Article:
A little over a year ago, on a freezing night in Bavaria, I met a set of young lads, and we bonded over peppermint schnapps and power metal. Ever since, I have had the pleasure of watching their growth and evolution as musicians, culminating in their fantastic full length debut. It gives me great pride, diverging somewhat from my more traditional North American posts, to celebrate the imminent release of Lunar Shadow’s Far From Light with a wee chat to the man behind the magic, my good friend, Max ‘Savage’ Birbaum.
You changed your logo. Why?
I wasn’t content with the old logo anymore. It seemed thin to me. Like twigs in winter, I wanted something that looked more professional and especially mysterious, with many small details, because it suits our sound. There are lots of secrets hidden in our music, and I wanted to express that. I have to add, that I explicitly did not want a ‘classical’ Heavy Metal Logo, because they usually bore me. And often look terrible, by the way.
It was like a constant itching at the back of my head. I am quite a perfectionist with my band, and I knew that I would’ve never been fully satisfied, if I kept the old logo. And I knew, that if we change the logo, we have to do it before our debut album. My band mates were skeptical at first, but well, ama et fac quod vis.
My dear friend Karmazid then recommended Raoul from View From The Coffin to me. And after I got the first results I was speechless. He added all my ideas, like the two chalices with fire and the spiderwebs, in such a genius manner, this logo makes perfect sense, there is a certain symmetry in it, that I find extremely comforting. My bandmates were fond of it too, from the first moment they saw it.
I had such a wonderful time reading the reactions of people who complained then, that the new logo was ugly and looked more like a Black Metal Logo. The last point, at least up to a certain point, I can relate to. But this is just another part of my wicked character: I love to irritate people. Confuse them. Take their hands and leave them in the dark.
The itching is gone. It is such a good feeling, to be rid of this.
Your 2015 self-released EP, Triumphator, created ripples throughout the underground, earning impressive accolades in Rock Hard and Deaf Forever magazines. What do you hope for Far From Light?
Releasing your very own music is dangerous, yet exciting. Dangerous, because you get thrown into an arena and the rabble is yelling, they clap and curse you at the same time. Everyone can easily formulate an opinion these days, there are countless so called Metal webzines with absolutely no relevance, yet they write something. You then either gear up, raise your shield, lower your visor, or you tear the armour from your body and joyfully await the shattering blows. I prefer the second option.
But it is also exciting, as it always interests me to hear, what feelings and emotions people might link with the songs I wrote.
Expressing concrete expectations is difficult, because I absolutely don’t know what will happen. On some days I think this album is bloody brilliant, on other days I just shake my head. I guess every artist is glad when his work is appreciated. It’s probably the same with me. If we get some good reviews, if we can give something to some people that becomes dear to them, I will be content. There are some festivals I’d like to play. There are some bands I’d want to play with. With a spiked club we shall force our way forward, no matter what happens.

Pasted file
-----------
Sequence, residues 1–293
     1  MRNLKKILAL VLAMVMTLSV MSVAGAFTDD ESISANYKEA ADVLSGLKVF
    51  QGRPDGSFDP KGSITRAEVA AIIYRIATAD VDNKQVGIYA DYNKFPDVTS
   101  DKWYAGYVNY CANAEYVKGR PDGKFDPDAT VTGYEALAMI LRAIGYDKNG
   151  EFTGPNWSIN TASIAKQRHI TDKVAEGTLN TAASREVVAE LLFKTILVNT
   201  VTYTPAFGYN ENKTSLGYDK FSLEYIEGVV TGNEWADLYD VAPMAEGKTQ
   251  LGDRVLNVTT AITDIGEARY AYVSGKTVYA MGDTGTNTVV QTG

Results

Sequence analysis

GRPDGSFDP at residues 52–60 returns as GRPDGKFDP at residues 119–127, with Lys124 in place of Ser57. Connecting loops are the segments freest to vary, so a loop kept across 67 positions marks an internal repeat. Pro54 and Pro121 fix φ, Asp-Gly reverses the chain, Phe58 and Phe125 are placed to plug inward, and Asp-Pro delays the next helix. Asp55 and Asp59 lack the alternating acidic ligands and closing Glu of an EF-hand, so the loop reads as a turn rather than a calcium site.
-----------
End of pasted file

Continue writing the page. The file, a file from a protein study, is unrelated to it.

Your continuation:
The album artwork (Expulsion – Moon and Firelight by Thomas Cole) is stunning, and quite poignant, with the bridge towards the light. Very different and more mature than the traditionally ‘metal’ cover for your EP. How did you come by it?
The first thing I usually do when writing music is to find a title for the entire album. Doing this I can already see before my inner sight what atmosphere the songs should have. I cannot quite remember, how I stumbled about this artwork, but I do remember, that I instantly knew that this would be the cover of ‘Far From Light’. We then luckily were able to get the usage rights from the museum in Madrid, where the original painting is located.
I don’t like the word ‘mature’, but I know what you mean. It was clear to me, that this album would not be about swords, barbarians, demons or the devil and the cover had to reflect that. There is a strangeness and melancholy in it and so are the songs.
My thoughts on this one are different, by the way. I do not see a bridge leading towards the light. I see this cavern, that leads us into the other direction, away from light and hope. It is a sanctuary of stone, deep under rock and inhabited by darkness. Open to the sea, where one is free to enter the water and vanish, along with all memory, that ever existed about you.
From ballads to blast-beats, Far From Light encompasses a huge variety of musical styles. What were you listening to the most when you wrote these songs?
There is a lot of variety, I agree.